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What is a neat pincer grasp? It is a child’s ability to pick up tiny items using his thumb and index finger. Babies first begin by raking tiny items with their whole hand to pick them up and then eventually they refine their grasp to a few fingers and their thumb until they can finally “pinch” small items and pick them up just using their thumb and index finger. Most children will have developed a neat pincer grasp by age 12 months.

Father And Daughter Indoors Playing And Smiling

But what if your child is having difficulty using just his thumb and one finger to pick up small objects? Here are some easy ways to encourage your child to refine his neat pincer grasp.

Place one Cheerio or other small cereal into each opening of an empty ice cube tray or empty egg carton. This encourages your child to use just a few fingers or hopefully his neat pincer grasp to secure the cereal.

Cut a slot into the lid of an empty plastic container and encourage your child to drop bingo chips into the slot or use a piggy bank (supervised) and encourage him to drop coins into the slot.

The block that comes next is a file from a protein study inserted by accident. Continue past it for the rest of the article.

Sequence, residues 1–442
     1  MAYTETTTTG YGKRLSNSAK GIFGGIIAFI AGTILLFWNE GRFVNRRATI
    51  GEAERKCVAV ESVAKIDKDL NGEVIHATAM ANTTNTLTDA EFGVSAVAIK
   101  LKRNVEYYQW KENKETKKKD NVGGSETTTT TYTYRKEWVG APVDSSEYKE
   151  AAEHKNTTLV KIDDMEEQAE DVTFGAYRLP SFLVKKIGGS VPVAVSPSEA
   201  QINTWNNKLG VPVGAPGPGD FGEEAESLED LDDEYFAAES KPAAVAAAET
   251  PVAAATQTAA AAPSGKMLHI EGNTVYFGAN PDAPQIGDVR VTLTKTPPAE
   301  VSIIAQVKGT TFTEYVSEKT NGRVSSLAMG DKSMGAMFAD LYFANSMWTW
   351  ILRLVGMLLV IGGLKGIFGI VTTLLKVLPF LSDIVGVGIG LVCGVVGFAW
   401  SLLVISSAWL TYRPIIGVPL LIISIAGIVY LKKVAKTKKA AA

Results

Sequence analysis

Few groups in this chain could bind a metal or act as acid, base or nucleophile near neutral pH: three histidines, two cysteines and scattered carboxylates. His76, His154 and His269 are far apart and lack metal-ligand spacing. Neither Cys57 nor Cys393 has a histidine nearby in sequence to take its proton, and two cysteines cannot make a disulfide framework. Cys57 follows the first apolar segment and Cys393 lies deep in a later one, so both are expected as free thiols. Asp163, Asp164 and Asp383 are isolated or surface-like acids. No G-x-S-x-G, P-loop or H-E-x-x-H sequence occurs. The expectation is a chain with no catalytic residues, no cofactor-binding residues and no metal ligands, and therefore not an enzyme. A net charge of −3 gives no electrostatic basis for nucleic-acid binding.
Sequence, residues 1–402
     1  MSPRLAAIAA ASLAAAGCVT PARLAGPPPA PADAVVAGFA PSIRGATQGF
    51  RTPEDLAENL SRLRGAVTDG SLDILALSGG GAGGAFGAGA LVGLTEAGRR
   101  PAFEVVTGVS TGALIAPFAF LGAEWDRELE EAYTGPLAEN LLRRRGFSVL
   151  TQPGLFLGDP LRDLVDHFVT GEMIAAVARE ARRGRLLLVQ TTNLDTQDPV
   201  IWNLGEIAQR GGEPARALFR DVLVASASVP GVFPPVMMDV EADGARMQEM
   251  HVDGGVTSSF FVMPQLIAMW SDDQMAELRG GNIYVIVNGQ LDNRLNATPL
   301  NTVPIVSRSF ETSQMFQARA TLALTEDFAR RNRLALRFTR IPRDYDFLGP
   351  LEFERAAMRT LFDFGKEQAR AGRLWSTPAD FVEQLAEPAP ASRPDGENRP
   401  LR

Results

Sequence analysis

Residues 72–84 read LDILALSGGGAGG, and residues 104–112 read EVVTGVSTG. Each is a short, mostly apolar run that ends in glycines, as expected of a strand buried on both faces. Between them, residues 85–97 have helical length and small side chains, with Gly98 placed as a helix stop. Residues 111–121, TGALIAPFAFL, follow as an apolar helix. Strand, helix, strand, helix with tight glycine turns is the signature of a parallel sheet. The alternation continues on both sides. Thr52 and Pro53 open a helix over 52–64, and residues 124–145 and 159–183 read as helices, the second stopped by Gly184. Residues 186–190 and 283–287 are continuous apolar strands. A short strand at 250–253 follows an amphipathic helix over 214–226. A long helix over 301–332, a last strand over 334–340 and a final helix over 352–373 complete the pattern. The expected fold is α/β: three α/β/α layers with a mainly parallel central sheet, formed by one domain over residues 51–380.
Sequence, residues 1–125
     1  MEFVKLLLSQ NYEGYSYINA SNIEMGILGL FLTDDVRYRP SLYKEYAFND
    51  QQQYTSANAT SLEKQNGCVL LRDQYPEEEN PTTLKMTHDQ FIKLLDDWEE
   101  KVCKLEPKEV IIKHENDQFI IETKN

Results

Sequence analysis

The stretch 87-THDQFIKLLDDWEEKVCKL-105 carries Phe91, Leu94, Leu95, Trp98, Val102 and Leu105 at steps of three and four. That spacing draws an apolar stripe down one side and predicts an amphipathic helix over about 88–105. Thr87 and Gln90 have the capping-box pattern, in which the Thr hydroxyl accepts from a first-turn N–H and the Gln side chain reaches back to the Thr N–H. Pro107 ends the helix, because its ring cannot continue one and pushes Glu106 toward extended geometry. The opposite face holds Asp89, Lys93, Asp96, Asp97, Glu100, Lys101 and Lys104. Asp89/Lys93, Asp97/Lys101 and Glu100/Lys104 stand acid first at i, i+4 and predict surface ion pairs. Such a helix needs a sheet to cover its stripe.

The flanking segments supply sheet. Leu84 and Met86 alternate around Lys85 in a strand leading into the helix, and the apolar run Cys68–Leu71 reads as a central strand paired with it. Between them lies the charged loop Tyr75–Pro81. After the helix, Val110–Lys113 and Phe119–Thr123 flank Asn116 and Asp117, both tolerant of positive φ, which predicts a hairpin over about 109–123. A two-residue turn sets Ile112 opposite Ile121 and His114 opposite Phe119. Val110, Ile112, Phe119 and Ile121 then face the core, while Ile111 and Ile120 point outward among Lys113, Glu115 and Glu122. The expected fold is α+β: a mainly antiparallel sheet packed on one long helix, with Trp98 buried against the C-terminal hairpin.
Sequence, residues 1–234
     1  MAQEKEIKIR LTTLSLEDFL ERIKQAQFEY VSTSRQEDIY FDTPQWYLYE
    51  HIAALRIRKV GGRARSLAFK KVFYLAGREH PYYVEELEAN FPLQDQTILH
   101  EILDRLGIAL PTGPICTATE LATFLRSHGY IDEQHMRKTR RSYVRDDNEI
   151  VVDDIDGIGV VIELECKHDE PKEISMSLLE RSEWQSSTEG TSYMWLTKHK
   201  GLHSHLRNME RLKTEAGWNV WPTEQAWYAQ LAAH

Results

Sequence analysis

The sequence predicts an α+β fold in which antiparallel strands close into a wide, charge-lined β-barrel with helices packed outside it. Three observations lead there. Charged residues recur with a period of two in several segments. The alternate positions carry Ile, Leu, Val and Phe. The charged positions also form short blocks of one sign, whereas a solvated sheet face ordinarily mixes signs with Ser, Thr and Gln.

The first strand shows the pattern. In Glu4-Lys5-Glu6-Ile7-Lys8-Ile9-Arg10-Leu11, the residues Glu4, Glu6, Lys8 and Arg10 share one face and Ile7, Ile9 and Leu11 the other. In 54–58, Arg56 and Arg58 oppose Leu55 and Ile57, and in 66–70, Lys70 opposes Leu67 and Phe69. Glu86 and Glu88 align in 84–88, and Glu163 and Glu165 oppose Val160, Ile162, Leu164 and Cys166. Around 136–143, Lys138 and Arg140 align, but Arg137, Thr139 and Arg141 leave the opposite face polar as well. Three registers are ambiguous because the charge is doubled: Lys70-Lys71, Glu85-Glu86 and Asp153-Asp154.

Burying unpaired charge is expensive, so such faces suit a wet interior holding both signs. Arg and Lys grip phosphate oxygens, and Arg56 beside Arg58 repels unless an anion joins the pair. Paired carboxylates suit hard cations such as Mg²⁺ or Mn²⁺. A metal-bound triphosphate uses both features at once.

Place stickers on a sheet of paper and leave a small corner loose and encourage your child to use the ends of his fingers to peel off the sticker.

Place clothes pins around the rim of an empty container or around a paper plate and encourage your child to squeeze and pull them off using his fingers

Thread pipe cleaners through and over turned colander and leave a small bit sticking out and encourage your child to pull the pipe cleaner through the holes.

pincer grasp for babies

Use Play Doh and show your child how to roll tiny bits into balls between his thumb and index finger

Save bubble wrap with tiny bubbles and encourage your child to use thumb and index finger to squeeze and pop the bubbles

Use tiny pom poms from the craft store and cut a small round opening into the lid of an empty butter/cottage cheese container and encourage your child to drop the pom poms inside

Use a shoestring and dry rigatoni noodles and string the noodles onto the string. You can cover the end of the shoestring with a bit of masking tape to make it easier to handle. If your child can do the large noodles, move down to wagon wheel pasta which has a smaller hole.

You can continue to work on building hand strength by pulling apart pop beads or bristle blocks or large Legos. You can also work on hand strength using tongs or clothes pins to pick up objects or by squeezing sponges and bulb syringes in water play.

 

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